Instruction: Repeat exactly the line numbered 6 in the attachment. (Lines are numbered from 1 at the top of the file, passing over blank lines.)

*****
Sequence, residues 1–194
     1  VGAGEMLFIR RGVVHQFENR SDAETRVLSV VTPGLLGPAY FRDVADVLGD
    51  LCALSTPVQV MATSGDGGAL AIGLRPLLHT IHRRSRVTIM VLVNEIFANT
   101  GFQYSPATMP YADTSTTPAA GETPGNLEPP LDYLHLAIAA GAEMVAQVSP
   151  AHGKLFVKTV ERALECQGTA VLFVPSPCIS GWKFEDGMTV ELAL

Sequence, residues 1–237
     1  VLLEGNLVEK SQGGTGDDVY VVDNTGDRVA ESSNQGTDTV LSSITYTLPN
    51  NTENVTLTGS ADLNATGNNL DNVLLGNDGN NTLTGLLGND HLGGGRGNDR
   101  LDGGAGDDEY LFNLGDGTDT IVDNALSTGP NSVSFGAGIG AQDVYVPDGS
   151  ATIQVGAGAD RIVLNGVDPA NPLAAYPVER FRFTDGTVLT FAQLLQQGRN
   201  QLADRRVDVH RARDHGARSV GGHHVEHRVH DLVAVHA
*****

Sequence, residues 1–237